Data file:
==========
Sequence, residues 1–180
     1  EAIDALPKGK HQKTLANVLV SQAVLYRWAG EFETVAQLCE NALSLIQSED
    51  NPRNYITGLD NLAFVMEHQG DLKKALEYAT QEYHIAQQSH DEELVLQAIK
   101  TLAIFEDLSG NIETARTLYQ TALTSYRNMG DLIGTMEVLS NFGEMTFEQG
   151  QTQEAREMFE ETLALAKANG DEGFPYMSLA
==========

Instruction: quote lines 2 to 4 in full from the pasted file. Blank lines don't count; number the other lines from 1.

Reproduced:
     1  EAIDALPKGK HQKTLANVLV SQAVLYRWAG EFETVAQLCE NALSLIQSED
    51  NPRNYITGLD NLAFVMEHQG DLKKALEYAT QEYHIAQQSH DEELVLQAIK
   101  TLAIFEDLSG NIETARTLYQ TALTSYRNMG DLIGTMEVLS NFGEMTFEQG